Richard Osborne, author and publisher at Riebel Roque, INC, took some time to tell us about himself and his work
Where were you born? Where did you grow up?
I was born and raised in the Corn Belt- Indianapolis, IN.
Can you tell us a bit about any history of military service in your family?
I served in the US peacetime Navy in the late 1950s. I spent most of my time in an office sailing a typewriter.
There is little history of military service in my family- I have no brothers or sisters, my father was too young to serve in WWI and too old to serve in
WWII. I have always loved military history and growing up in the 1930s, I enjoyed hearing the WWI veterans talking about their experiences. I had an uncle who served in Panama
During WWI and, for the rest of his life, he told people that he helped keep the Kaiser out of Panama.
What kind ofbooks did you read growing up? Which had the greatest
impact on you?
I read very few books as a youth, but did read Life Magazine, Colliers and we took two newspapers and listened to Lowell Thomas and Edward R.
Murrow on the radio. When WW II started, I knew that I was experiencing a very unique time in history and cut out articles and photos from the various
publications and kept scrapbooks which I still have.
What did you do before you started (or in addition) writing? Did you have
any odd jobs?
I had a very common childhood; school, sports, household chores, vacations and, with time, girls. I graduated with a degree in Mechanical
Engineering from the Univ. of Illinois in 1954 and soon took a job as a travelling salesman selling tooling components and small machinery to the
metal working industry. As for odd jobs, I carried newspapers, shoveled snow, cut grass and, at 14, landed a job as a soda jerk in a drugstore. This was 1945, the war was still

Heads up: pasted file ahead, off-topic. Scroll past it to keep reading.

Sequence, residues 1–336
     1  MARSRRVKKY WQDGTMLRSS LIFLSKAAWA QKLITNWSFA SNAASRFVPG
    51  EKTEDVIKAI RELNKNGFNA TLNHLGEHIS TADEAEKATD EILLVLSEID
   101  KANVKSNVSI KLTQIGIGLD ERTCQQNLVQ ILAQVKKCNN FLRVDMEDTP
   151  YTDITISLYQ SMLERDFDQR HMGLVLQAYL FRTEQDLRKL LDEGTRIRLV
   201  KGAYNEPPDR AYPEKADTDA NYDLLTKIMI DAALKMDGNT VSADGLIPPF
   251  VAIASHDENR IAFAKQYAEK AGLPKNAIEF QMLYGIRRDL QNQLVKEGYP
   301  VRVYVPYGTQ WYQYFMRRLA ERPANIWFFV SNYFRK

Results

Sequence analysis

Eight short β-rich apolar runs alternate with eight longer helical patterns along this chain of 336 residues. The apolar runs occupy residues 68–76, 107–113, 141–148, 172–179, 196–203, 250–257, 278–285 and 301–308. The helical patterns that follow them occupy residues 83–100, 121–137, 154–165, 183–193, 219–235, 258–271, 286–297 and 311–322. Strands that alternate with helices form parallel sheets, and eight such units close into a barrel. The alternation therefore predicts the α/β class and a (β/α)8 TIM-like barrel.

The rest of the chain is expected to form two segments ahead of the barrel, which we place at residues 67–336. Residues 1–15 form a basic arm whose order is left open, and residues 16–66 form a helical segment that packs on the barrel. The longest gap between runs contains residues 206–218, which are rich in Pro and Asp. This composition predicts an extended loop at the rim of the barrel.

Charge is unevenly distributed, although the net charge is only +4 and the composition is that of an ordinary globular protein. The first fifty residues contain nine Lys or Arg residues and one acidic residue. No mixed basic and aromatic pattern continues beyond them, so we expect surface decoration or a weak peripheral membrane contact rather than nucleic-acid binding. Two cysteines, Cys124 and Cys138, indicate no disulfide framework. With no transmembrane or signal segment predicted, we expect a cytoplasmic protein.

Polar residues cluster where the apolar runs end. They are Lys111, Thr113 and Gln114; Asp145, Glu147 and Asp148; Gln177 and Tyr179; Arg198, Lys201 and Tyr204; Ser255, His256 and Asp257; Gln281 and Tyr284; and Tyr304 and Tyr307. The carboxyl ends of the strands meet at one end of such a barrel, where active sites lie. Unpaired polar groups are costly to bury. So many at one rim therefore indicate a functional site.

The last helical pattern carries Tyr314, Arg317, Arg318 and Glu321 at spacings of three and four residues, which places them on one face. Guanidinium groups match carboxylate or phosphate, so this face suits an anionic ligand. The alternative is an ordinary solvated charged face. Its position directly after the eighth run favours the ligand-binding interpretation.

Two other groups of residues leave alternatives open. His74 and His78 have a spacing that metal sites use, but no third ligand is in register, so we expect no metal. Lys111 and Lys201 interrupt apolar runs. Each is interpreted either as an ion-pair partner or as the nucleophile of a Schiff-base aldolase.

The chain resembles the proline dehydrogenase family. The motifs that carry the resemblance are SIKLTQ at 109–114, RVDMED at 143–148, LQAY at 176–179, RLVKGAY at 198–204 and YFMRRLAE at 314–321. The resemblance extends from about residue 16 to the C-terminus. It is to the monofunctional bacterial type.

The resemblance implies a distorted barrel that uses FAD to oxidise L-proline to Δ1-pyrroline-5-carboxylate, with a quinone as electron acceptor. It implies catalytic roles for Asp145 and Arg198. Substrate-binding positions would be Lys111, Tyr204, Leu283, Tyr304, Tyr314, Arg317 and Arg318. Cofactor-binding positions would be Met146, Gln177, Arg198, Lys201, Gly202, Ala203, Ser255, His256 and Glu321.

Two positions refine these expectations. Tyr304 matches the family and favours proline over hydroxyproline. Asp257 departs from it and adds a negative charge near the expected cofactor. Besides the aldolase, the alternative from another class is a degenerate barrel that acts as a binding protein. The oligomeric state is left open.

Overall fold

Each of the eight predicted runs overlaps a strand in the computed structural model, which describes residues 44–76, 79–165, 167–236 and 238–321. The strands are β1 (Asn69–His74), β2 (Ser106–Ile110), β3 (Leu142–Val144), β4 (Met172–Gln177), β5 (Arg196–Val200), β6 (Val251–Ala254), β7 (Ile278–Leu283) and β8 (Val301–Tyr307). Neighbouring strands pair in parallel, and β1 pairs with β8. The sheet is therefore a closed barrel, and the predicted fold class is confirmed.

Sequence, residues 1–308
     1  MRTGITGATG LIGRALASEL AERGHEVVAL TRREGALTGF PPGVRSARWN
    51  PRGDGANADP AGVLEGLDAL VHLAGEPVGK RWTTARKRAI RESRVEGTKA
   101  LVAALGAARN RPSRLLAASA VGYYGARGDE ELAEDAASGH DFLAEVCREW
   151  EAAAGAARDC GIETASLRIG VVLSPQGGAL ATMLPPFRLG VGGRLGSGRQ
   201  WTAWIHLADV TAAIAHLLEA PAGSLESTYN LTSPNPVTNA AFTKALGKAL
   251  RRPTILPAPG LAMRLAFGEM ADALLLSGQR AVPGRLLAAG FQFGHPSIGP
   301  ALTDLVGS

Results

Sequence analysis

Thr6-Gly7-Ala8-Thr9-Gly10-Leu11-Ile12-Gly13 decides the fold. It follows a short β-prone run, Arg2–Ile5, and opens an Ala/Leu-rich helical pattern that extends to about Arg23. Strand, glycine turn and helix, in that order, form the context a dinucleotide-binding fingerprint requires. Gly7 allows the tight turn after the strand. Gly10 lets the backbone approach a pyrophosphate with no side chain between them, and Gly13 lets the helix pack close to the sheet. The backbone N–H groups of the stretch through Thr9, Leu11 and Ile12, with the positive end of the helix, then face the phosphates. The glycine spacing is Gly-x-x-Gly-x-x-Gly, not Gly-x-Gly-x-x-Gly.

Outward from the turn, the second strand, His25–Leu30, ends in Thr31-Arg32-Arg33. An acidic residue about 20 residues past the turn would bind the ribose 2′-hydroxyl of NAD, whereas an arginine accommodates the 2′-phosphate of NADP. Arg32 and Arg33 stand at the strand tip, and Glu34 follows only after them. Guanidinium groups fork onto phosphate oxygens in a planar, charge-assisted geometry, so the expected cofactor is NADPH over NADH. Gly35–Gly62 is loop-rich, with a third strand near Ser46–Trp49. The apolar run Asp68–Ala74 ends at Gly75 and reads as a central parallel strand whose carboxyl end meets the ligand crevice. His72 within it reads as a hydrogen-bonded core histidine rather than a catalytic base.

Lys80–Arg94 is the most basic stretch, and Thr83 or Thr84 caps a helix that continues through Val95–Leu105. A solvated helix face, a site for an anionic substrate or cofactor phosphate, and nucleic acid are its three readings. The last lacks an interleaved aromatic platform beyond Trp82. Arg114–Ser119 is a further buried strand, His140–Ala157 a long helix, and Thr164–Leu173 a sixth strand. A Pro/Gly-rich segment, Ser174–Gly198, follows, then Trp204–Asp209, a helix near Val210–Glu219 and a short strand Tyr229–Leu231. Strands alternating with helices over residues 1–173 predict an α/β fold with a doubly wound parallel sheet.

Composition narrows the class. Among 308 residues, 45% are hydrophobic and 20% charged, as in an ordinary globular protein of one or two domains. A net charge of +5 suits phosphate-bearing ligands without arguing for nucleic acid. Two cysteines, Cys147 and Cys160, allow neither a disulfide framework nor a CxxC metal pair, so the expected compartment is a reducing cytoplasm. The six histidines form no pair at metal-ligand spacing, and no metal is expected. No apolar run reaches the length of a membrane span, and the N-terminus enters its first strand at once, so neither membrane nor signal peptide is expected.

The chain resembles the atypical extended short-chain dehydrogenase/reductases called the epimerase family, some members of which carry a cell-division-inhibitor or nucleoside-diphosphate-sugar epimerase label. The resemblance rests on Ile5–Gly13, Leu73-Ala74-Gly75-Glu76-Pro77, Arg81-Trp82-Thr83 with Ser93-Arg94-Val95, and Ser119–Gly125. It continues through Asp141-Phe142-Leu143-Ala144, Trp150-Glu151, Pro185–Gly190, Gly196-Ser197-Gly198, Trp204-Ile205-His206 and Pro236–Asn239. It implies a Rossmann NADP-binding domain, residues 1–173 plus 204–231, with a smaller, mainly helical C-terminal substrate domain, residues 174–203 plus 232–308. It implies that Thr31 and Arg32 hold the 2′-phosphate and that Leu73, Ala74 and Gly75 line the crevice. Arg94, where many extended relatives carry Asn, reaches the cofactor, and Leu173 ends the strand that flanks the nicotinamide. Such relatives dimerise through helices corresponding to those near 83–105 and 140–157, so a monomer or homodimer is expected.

on, there was a labor shortage and a kid like me could get a job like that. It was a sweet job. I got my fill of ice cream and other sweet and gooey stuff.
When did you first realize you wanted to become a writer? What is it about
writing that appeals to you?
As a travelling salesman I spent many nights on the road and began reading books about WW II because I had experienced it as a youth and also enjoyed
hearing the many veterans tell their stories. Within about a year I realized that I could write about some of the information I had and was continually
acquiring and that, maybe, someday I could write articles on WW II. I enjoy reading about and writing about WW II because it’s a never-ending
What fascinates you about revisiting the past and bringing it to life in a
I enjoy reading about the unusual and oddball events of WW II. There’s lots of it. As an example; do you know that Adolf Hitler had a nephew who
served in the US Navy? I have written a book on WW II trivia and currently give brief lectures entitled “WW II Trivia” at two military groups each
month. My next lecture is entitled “Hitler’s Sibling.” He had a brother and two sisters and their lives were very interesting.
How much research do you do or your books? Can you give us some tips on
I have been studying WW II for over 50 years (I’m 85) and have read over 600 books on WW II history and have gleaned info from every one of them
on to hand written 3” x 5” cards. I started before we had computers. I have also read parts of several hundred other books and gleaned specific info
from them. I also use the web a lot and photocopy documents from there. I have over 100,000 cards and documents in my archives and they are
invaluable in writing my books. I have promised my archives to the Ft. Wayne Library after my passing. The only tip that I can offer is — if you
love your work, be persistent and keep accurate files.
How do you relax? Do you have any hobbies?
Reading and writing about WW II is my hobby. As for relaxing, since I am retired I take a nap anytime I damn well please.
What are you working on at the moment?
My next book will be entitled “What We Were Not Supposed to Know During WW II— a Study in Censorship and Misinformation.” There’s a lot
of stuff that was kept secret from us then and is still secret today. I’ll tell about FDR’s and Lucy Mercer’s ongoing love affair right up to the moment
of his death. And it is my contention that we had a small arsenal of atomic bombs by early 1945 and could have used them in Europe. The evidence to
support this theory is quite strong. You can learn what that evidence is and why I believe this is true by buying my next book. Stay tuned–
Richard E. Osborne, 2016